Safety, Security and Rescue Research Center Proposal #1127947 Proposal #1127938

This proposal seeks funding for the Safety, Security and Rescue Research Center sites at the University of Denver and the University of Minnesota. Funding Requests for Fundamental Research are authorized by an NSF approved solicitation, NSF 10-601. The solicitation invites I/UCRCs to submit proposals for support of industry-defined fundamental research.

Use of robots teams in extreme environments for wilderness search and rescue, urban search and rescue and surveillance are anticipated to require operation on land, water and under water. The proposed effort will explore means to maintain coordination of such multiple robot teams through environmental disturbances, communication lapses, and hardware and software failures. Moreover the work to establish resilient robot teams will enable the exploration of emergent behavior of the team that has the potential to arise due to these various faults. The effort will establish a real-time test bed based on the Aquapod robot and include development of test methodologies for single and multiple robots in various aqueous environments.

The outcomes of the proposed work have the potential for significant impact in the areas of public safety and search and rescue across civilian and military application spaces. The work is supported by the Industry Advisory Board as well as individual industry members of the center and has the potential to extend the center?s portfolio through expansion into the areas of robot teams, their behavior and fault tolerant control. The impact of the work has the potential to extend beyond the center by virtue of the testing methodology to be developed for robot teams. The center will involve graduate students and undergraduates in the work and incorporate the results in existing coursework in robotics and software systems engineering.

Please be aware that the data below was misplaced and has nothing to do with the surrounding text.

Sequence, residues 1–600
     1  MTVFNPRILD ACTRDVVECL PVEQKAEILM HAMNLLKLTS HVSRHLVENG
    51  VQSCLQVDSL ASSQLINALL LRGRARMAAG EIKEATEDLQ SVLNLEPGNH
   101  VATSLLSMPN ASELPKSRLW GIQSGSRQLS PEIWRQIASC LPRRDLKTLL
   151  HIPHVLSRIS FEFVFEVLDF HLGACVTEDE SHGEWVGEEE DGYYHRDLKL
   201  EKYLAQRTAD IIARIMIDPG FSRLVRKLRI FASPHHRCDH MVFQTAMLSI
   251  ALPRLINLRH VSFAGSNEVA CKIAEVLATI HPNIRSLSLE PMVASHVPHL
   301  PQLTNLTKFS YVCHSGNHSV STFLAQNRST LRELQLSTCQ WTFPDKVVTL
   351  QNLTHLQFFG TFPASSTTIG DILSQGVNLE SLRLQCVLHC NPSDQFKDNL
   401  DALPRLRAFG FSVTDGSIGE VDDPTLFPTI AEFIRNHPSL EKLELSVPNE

Project Report

The goals of this FRP are to improve the state-of-the-art in the methods used to evaluate the proper function of safety-critical systems such as robots and autonomous vehicles. These systems often operate in conjunction with human operators, and in the field with other people and so it is important that they are evaluated rigorously to ensure that they function as intended when all systems are working properly, and also that they react predictably when parts of the system (hardware / software) fail. This project has two main thrusts: (1) a software testing methodology, and (2) a hardware / software interface that can support this kind of testing. The software testing methodology is based on models of both the desired functional behavior, and also the failures that can occur. These are combined into a single, unified model that can be used to ensure that test cases are selected to cover both correct function as well as function during failures. The testing harness, known as RealBed (for real-time testbed), allows the system engineer to send signals to the control system (the software running the robot / vehicle) and observe and analyze the reactions to those signals. By allowing systematic, repeatable testing of these systems in a controlled environment, the underlying software can be evaluated in many more scenarios than can can be reliably simulated in the field. The testing methodology we originally created to test robots has shown to be applicable to many more domains than just robotics and autonomous vehicles (e.g., medical devices, space vehicles, etc) and to integrate nicely with existing model-based testing approaches. Two variants of the testing harness have been developed, one that is designed for on-line monitoring and recording of the system behavior, and the other that supports the full testing methodology described above. Both the testing methodology and the testing harness have been found to be generally applicable to systems outside the original domain. As a result of this project, a number of articles related to testing of real-time and safety critical systems has been published, and students at both the graduate and undergraduate level have been given exposure to research, development and analysis of these systems. Additionally, two inventions have been produced and invention disclosures are being prepared to obtain patent protection for the devices.

National Science Foundation (NSF)
Division of Industrial Innovation and Partnerships (IIP)
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Lawrence A. Hornak
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University of Denver
United States
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